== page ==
GERD BAUMANN is Professor of Social Anthropology at the Research Centre Religion and Society, University of Amsterdam.
When the ship HMS Windrush brought the first African Caribbean settlers to fill the labor shortage in Britain's battered post-war economy in 1948, no one could know that the following three decades would produce unprecedented levels of immigration from both the Caribbean and South Asia. As disorientating as the resulting challenges turned out to be, the project of a multicultural society was approached in strikingly distinctive ways. Both the noticeable failures and the most subtle successes of the multicultural project are rooted in a political culture of astonishing peculiarity.
To recall the many conspicuous crises in community relations, one need only think of the chronicle of "race riots" that started in London's Notting Hill district in 1958, which reached violent peaks across Britain in the "hot summers" of 1981 and 1986, and then turned into the riots and conflagrations surrounding the Rushdie Crisis which began in 1989. One might think of the violent anti-immigration campaigns which forced successive Conservative and Labour governments from 1962 onwards to respond with more draconian anti-immigration laws. If all one had to rely on were newspaper headlines, there would be little cause for optimism.
The stories as headlined in the media construct a continuity of friction and strife between what they termed minorities and the majority, especially between minority youth and the police. One will always ask what makes a youth riot against police into a "race riot": when local youth of all possible backgrounds turn against the police in protest against heavy-handed law enforcement, such as the criminalization of "hanging around" street-corners, then the ensuing battles may not be about "race" at all. They may have far more to do with a clash of views on public order, on the legitimate use of force, and on relations across generations. Truly racist attacks are not unknown, it is admitted with shame; but as soon as they become public knowledge, the near-universal reaction is one of uncompromising condemnation. Witness the case of the unresolved race-motivated murder of Stephen Lawrence, an African-Caribbean teenager killed by street thugs in 1993. Over the past six years, his image, according to BBC TV News, has become "an icon of the nation," and there have been several official inquiries into the police's failure to bring suspects to court. The case has united British public opinion, as well as the interests of divergent establishments in reaffirming a very traditional line: it is considered un-British, regardless of skin color, uniform, or politics, to "put oneself above the law."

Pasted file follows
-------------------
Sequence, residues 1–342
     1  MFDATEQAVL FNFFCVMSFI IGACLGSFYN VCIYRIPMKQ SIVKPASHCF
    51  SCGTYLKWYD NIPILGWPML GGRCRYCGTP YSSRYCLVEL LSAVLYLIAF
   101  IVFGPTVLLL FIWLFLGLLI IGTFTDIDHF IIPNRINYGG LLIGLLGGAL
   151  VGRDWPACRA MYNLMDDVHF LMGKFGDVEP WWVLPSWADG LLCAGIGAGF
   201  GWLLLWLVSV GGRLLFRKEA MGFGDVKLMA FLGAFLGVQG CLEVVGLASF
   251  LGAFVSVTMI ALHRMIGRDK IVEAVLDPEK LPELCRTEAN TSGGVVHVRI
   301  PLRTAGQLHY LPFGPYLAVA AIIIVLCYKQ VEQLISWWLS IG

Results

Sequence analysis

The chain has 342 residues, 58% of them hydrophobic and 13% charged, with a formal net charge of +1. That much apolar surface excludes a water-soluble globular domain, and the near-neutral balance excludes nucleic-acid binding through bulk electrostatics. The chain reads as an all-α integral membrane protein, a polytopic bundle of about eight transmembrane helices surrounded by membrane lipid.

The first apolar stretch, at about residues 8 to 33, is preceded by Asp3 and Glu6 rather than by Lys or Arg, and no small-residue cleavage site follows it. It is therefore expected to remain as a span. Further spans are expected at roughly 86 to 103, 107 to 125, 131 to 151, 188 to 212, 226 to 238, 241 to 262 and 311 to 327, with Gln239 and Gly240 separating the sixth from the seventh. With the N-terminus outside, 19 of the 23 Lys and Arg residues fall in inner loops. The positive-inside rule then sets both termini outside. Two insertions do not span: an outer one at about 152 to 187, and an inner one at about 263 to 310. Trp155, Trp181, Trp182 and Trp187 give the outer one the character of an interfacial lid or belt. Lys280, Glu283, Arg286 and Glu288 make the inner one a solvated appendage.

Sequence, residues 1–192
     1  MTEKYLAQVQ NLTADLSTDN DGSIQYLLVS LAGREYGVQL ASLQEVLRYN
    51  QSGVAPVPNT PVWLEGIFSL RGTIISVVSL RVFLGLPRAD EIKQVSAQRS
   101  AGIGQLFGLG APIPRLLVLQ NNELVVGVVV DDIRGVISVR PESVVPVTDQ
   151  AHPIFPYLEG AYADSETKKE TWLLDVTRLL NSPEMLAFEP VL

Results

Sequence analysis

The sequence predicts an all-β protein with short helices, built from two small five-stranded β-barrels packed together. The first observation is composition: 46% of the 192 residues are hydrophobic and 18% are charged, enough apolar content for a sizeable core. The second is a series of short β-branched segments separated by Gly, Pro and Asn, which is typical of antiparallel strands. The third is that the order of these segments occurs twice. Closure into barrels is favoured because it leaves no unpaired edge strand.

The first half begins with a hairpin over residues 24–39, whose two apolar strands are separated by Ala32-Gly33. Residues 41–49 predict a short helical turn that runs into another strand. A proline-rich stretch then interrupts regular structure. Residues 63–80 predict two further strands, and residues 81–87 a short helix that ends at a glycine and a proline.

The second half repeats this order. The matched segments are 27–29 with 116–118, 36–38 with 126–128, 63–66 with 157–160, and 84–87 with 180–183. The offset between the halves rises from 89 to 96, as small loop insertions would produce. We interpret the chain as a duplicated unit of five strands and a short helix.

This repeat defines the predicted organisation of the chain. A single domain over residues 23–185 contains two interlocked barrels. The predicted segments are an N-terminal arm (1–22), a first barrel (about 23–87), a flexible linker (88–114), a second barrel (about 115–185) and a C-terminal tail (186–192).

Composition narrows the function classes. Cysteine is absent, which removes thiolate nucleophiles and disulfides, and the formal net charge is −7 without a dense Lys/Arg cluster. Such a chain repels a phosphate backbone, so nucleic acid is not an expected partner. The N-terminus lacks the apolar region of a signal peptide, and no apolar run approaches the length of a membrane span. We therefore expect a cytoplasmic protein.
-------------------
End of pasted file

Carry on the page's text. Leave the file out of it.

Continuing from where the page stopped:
And the law is stricter, even on the level of verbal incorrectness or subjectively unintended discrimination, than anywhere in the United States or the European Union. The law known as the Race Relations Act (1976), and the state-financed agencies and citizens' initiatives that bring case upon case to ensure its implementation have seen to that. Hate speech is not, in Britain, a matter to be squared with the First Amendment: it is treated as a criminal offense and prosecuted as such. Yet Britain is unique among Western countries in the sheer levels of conflict and confrontation that are tolerated as normal in the public sphere, be it in labor relations or at football matches, community relations or environmental campaigns.
At the same time, Britain has shown enormous success in harmonizing community relations through the decades of economic contraction, mass unemployment, and political polarization. Notting Hill, the scene of the first "race riot," is now the site of Europe's most vibrant multicultural carnival; the multiethnic districts of London and Birmingham,Manchester, and Glasgow resound with a creativity that has produced Asian Bhangra Beat, Asian Rock, Caribbean Rap and House music, and innumerable cultural crossovers in theater and poetry, fashion and language use that have spread far beyond their original ethnic milieus. …